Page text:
- if securities have not been paid for within 3 business days of take up
- Bids must be kept open for 10 days after a variation to the bid (unless the variation is solely a waiver of a condition in an all-cash bid). Variations to a bid (other than an extension of the deposit period or an increase in consideration) are not permitted after the bidder becomes obligated to take up and pay for securities.
3. Equal treatment
Target shareholders must be treated equally, which means:
- The bid must be made to all holders of the class.
- All holders must be offered identical consideration (or an identical choice of consideration). If the bidder increases the price during a bid, every shareholder gets the new price, even holders whose shares have been tendered and taken up.
- No “collateral benefits” are permitted. Bidders cannot enter into arrangements with any target shareholders that would have the effect of providing a shareholder with consideration of greater value.
- The bidder cannot acquire securities outside of the bid within 90 days preceding the bid unless the bidder offers the same consideration and acquires the same percentage from each holder under the bid.
- During a bid, the bidder cannot acquire securities subject to the bid until its expiry, other than a maximum of five per cent of the outstanding securities purchased in the normal course on a published market if the bidder has stated its intention to do so in the take-over bid circular, or a subsequently filed press release.
- For partial bids, bidders have to take up tendered securities on a proportionate basis (i.e. not “first come, first served”).
4. Minimum tender requirement
More than 50 per cent of the shares owned by persons other than the bidder and its joint actors must be tendered to the bid before the bidder can acquire any securities tendered.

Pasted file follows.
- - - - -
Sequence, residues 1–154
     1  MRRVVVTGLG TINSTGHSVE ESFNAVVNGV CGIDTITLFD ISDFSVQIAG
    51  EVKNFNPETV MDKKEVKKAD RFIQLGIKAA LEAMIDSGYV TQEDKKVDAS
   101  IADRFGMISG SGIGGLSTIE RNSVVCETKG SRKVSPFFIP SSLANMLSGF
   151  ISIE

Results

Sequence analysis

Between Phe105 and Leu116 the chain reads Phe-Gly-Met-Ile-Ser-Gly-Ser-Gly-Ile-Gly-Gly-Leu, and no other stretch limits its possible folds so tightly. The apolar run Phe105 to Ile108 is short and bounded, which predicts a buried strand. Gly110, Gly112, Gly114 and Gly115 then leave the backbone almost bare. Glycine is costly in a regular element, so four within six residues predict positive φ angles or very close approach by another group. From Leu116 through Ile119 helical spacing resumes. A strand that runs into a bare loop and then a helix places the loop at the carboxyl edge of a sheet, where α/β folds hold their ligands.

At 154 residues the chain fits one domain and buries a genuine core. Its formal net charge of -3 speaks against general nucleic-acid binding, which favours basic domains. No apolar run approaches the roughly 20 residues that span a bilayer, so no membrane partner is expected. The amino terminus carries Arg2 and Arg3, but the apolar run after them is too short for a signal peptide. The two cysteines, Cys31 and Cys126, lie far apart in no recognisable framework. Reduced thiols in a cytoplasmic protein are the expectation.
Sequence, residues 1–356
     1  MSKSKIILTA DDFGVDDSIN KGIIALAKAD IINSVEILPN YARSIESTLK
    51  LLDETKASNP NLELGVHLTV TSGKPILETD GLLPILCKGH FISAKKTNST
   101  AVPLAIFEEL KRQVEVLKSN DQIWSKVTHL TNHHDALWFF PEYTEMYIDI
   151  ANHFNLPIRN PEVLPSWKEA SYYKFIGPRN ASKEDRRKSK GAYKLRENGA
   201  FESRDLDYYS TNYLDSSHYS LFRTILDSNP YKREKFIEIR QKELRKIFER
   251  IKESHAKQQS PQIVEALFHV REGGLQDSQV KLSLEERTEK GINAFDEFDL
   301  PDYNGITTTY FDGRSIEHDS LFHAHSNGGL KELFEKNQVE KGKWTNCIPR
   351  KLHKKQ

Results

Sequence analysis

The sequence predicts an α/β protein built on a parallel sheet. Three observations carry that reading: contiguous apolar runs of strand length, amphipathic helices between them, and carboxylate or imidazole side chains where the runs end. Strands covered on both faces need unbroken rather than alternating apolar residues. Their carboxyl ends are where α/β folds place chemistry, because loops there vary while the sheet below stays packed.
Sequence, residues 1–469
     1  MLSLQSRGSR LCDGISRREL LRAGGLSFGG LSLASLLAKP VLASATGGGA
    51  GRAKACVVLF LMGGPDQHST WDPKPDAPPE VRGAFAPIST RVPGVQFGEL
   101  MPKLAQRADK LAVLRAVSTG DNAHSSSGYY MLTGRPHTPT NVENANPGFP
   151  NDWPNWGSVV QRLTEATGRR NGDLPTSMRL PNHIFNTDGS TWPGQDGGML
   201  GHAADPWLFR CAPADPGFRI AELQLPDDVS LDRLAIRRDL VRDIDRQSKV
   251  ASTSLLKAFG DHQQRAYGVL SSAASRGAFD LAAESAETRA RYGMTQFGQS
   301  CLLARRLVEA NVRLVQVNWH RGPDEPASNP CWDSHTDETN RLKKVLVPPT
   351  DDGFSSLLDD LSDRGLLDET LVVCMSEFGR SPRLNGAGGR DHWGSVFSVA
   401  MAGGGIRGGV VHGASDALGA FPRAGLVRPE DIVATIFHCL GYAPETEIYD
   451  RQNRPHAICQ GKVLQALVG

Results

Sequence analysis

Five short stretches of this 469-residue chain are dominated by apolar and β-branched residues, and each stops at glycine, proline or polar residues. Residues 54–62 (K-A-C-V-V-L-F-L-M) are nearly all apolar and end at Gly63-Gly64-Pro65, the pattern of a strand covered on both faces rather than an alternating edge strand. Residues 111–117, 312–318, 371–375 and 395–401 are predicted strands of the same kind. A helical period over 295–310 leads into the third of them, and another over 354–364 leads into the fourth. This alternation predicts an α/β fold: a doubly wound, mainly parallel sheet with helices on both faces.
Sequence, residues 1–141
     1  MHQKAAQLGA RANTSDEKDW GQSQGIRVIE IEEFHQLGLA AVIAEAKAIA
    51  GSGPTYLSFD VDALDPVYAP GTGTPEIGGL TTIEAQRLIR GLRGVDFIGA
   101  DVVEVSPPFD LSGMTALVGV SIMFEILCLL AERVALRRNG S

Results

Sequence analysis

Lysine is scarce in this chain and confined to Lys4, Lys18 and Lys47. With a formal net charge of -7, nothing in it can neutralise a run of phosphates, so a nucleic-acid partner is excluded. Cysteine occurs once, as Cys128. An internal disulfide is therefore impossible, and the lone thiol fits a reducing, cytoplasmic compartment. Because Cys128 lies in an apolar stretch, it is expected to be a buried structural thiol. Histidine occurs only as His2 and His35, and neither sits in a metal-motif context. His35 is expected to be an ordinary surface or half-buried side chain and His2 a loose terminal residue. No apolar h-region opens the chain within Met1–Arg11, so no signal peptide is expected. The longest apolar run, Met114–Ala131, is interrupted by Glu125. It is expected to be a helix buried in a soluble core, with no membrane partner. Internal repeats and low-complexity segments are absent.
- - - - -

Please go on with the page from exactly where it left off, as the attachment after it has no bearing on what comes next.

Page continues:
5. Bid financing
A cash take-over bid cannot be conditioned on the bidder obtaining financing.
An issuer bid is an offer to acquire or redeem securities of an issuer made by the issuer itself. Unlike the take-over bid regime, which only applies to acquisitions of 20 per cent or more of a class of voting or equity securities of the issuer, an issuer bid is triggered regardless of the number of securities repurchased by the issuer.
The regulatory regime governing the conduct of issuer bids is harmonized in all Canadian jurisdictions through National Instrument 62-104 Take-Over Bids and Issuer Bids (NI 62-104) and National Policy 62-203 Take-Over Bids and Issuer Bids (NP 62-203).
Except when an exemption is available, an issuer making an issuer bid must make the offer to all security holders of the class through an issuer bid circular that contains the specific information set out in both NI 62-104 and MI 61-101. The issuer bid requirements also include requirements for pro rata take up and identical treatment of shareholders. A valuation of the securities and any non-cash consideration being offered may also be required, subject to the availability of an exemption.